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Apple investors to have more say on executive compensation


Apple said Monday that a proposal to give investors a greater say over compensation for top executives was approved during its recent shareholders meeting, correcting an earlier filing from the company which reported that the motion had failed.

The Cupertino-based company said it incorrectly reported the voting percentages for all four of the shareholder-submitted proposals during the February 25th meeting because it accidently counted all abstentions as "No" votes.

"Very shortly after the original filing, the company learned that these votes had been incorrectly tallied and an internal investigation confirmed the mistake was due to human error, which Apple regrets," the company said in a statement. "Today’s amendment correctly reports the voting results."

As a result of the corrected vote count, Shareholder Proposal No. 5 Regarding Advisory Vote on Compensation, known as “Say on Pay,” was approved with approximately 51.63% of the shares present or represented and voting.

Proposed this year by the AFSCME Employees Pension Plan, a public health union which holds over 21,000 Apple shares, the resolution will give all company shareholders an advisory vote on executive pay packages.

Apple's directors has long recommended investors vote down the proposal, which has failed in years' past, arguing that setting executive compensation is the job of the board itself, and that limitations imposed by shareholder voting could have an adverse impact on the company's ability to recruit and retain top talent.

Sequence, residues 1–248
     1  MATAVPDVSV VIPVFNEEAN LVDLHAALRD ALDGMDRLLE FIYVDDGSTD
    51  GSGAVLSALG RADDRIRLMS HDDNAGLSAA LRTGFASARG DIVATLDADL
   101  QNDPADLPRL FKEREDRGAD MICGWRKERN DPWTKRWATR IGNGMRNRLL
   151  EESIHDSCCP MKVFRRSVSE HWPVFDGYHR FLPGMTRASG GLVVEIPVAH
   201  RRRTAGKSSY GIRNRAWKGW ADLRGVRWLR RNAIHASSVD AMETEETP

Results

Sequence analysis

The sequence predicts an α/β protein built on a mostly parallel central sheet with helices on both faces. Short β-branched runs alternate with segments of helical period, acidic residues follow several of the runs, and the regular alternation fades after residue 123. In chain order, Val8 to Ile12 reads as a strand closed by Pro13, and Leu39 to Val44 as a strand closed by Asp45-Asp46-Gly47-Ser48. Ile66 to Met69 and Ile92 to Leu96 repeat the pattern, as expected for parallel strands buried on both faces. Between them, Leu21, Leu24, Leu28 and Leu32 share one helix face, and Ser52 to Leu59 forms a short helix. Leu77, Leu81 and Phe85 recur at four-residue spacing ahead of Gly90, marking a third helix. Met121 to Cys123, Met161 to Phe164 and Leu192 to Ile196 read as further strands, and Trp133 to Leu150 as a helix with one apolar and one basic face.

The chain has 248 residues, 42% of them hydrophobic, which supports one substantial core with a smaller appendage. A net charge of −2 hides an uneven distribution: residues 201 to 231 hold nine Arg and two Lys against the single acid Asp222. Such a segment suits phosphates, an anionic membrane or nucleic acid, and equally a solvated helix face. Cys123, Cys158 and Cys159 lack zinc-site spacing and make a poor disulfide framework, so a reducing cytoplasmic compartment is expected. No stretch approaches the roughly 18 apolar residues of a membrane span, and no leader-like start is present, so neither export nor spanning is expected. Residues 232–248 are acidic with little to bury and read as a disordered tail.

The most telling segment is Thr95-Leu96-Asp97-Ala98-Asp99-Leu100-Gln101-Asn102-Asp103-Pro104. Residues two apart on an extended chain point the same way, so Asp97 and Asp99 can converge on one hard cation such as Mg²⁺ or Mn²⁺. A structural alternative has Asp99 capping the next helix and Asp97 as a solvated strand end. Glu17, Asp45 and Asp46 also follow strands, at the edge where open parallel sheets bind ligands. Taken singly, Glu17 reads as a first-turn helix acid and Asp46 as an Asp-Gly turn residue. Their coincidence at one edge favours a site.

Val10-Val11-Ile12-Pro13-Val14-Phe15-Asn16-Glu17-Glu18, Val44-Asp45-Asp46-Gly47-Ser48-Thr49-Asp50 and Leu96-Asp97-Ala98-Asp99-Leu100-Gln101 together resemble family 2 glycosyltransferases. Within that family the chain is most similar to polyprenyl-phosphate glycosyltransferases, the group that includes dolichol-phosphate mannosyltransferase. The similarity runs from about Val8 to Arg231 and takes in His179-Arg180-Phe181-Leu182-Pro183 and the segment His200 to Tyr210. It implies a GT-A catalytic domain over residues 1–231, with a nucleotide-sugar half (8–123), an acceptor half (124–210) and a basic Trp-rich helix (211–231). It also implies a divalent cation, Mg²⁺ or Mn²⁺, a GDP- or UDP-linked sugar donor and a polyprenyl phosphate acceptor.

For their part, many investors have maintained that existing U.S. corporate governance arrangements, including SEC rules and stock exchange listing standards, do not provide shareholders with enough mechanisms for providing input to boards on senior executive compensation.

This is contrary to practices over in the United Kingdom, where public companies allow shareholders to cast an advisory vote on the directors’ remuneration report, which discloses executive compensation. Such a vote is not binding but gives shareholders a clear voice that could help shape senior executive compensation.

"The Compensation Committee of Apple’s Board of Directors has been closely following the Say on Pay issue, and anticipates that new laws or regulations will require some form of Say on Pay vote at all public companies in the near future," Apple said. "Even if that does not occur, Apple is committed to implementing an advisory Say on Pay vote next year."

The outcome of the the other four proposals raised during the recent Apple shareholders meeting were not affected by the incorrect vote tallies.